Can a smart-phone app help fight stroke?
Cross-institutional team to pilot the use of a digital education solution for medication adherence and stroke prevention
A team of University of Wollongong (UOW) researchers has received funding from the Stroke Foundation to pilot a new smart-phone learning app to improve patient adherence to medication plans in the fight against stroke.
National Health and Medical Research Council (NHMRC) Fellow, Associate Professor Caleb Ferguson’s team has been awarded $100,000 under the 2023 Nancy and Vic Allen Stroke Prevention Memorial Grant, which supports and encourages stroke prevention research, combining best-practice medical care and evidence-based integrative care.
The trial program, which will involve 60 patients of Blacktown and Sutherland Hospitals, will encourage patients who have been diagnosed with atrial fibrillation (AF) to engage with a series of case studies and learning modules for stroke prevention, delivered through an interactive phone and tablet app.
AF is associated with one-third of all strokes. These strokes are highly preventable through the use of life-saving anticoagulation medications, however, adherence to prescriptions is a persistent problem, with approximately 30 per cent of patients not taking their medication correctly within six months.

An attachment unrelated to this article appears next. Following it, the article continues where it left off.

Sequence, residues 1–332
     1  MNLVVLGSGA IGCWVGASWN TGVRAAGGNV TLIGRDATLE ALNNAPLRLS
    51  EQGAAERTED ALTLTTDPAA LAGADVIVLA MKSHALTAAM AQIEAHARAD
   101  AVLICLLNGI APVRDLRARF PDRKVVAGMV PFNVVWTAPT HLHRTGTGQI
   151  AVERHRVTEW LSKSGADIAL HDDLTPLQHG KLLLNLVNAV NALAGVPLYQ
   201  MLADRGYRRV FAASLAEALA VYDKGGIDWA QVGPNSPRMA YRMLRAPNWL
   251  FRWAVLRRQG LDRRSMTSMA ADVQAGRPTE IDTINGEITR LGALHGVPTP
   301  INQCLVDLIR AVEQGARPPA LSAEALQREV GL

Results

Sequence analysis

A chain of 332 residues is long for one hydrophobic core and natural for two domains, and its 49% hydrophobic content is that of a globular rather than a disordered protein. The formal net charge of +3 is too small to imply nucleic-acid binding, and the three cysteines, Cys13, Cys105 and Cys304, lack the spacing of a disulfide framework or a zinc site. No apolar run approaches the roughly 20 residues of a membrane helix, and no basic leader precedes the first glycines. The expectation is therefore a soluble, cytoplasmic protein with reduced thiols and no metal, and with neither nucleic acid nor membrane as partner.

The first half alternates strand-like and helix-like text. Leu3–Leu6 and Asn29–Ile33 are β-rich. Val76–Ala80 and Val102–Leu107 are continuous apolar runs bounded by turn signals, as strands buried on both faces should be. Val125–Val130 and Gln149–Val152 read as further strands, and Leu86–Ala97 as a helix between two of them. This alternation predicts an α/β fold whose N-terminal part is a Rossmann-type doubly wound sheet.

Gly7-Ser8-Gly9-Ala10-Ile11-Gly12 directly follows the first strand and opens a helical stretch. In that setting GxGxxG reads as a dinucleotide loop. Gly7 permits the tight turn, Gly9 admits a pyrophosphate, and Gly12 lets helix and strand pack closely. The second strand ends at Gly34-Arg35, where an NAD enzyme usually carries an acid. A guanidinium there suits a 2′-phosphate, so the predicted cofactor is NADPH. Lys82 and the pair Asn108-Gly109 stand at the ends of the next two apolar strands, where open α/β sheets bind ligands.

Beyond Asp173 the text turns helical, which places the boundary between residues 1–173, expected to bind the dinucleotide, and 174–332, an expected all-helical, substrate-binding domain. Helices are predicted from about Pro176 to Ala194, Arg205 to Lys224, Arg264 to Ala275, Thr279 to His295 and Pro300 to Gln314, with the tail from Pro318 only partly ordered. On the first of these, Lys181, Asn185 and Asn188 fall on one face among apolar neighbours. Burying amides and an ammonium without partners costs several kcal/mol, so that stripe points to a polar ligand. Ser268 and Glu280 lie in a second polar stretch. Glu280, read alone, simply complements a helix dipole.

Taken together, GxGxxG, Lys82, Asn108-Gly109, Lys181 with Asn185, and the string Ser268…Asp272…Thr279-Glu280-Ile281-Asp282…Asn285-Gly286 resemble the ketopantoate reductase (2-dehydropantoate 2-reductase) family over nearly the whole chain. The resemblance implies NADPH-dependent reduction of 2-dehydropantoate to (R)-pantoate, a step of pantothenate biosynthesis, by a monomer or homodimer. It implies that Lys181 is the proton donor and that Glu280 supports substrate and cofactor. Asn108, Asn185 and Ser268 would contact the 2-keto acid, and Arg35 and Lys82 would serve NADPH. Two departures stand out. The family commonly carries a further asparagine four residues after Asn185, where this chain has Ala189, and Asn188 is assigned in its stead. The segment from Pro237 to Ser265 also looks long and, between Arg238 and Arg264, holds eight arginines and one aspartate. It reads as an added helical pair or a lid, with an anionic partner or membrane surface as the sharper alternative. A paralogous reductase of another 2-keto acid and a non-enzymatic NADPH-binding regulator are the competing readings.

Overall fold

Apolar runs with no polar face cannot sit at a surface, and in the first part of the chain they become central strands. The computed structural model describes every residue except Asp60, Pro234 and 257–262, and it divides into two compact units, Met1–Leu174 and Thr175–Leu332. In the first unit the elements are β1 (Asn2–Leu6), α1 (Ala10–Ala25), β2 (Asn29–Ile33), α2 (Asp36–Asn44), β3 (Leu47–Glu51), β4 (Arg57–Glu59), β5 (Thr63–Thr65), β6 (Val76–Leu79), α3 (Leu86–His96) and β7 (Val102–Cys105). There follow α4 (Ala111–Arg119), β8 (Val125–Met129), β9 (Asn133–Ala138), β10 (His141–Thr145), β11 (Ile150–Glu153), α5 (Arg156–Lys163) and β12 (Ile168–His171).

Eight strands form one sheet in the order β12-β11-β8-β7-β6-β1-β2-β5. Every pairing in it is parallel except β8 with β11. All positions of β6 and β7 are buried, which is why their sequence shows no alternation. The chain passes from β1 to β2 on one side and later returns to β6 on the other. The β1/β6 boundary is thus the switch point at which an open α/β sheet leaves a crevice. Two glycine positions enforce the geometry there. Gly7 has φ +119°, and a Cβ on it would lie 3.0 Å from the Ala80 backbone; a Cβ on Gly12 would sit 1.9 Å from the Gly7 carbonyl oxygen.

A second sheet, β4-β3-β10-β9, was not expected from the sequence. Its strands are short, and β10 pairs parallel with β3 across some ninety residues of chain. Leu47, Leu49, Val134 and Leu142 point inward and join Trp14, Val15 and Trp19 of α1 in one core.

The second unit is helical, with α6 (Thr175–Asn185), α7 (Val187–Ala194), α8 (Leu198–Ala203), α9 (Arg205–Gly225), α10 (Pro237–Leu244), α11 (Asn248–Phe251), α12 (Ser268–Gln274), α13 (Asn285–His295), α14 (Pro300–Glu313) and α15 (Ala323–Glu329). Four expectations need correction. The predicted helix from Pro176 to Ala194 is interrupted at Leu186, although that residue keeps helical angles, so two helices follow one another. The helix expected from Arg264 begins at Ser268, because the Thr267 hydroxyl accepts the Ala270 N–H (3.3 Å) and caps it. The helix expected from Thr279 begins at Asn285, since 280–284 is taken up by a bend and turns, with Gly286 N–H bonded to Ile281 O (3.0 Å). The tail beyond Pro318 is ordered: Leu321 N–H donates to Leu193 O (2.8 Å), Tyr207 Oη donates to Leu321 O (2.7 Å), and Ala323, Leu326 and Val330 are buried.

The study will examine the impact of a bespoke digital education program on patients taking their medication as prescribed for AF and in turn observe its impact hospitalisation rates, quality of life, knowledge and mortality.
Associate Professor Caleb Ferguson and team have been researching this area now for over a decade.
“Our mission is to revolutionise stroke prevention through scalable technology to enable the widespread provision of theory-driven education to support behaviour change and help fight stroke,” Associate Professor Ferguson said.
“Medication adherence and persistence is known to be very poor. Although this is a complex issue, having more knowledgeable and empowered patients can help address medication adherence.”
The study is led by Dr Caleb Ferguson with a cross-institutional team from UOW, Blacktown Hospital, and the Western Sydney Local Health District. The team includes investigators from Royal Melbourne Hospital, University of Technology Sydney, Hunter Medical Research Institute, Sutherland Hospital and The George Institute for Global Health.
The study builds on the team successful foundational research that received funding from the Heart Foundation and the National Health and Medical Research Council that has demonstrated good feasibility and acceptability.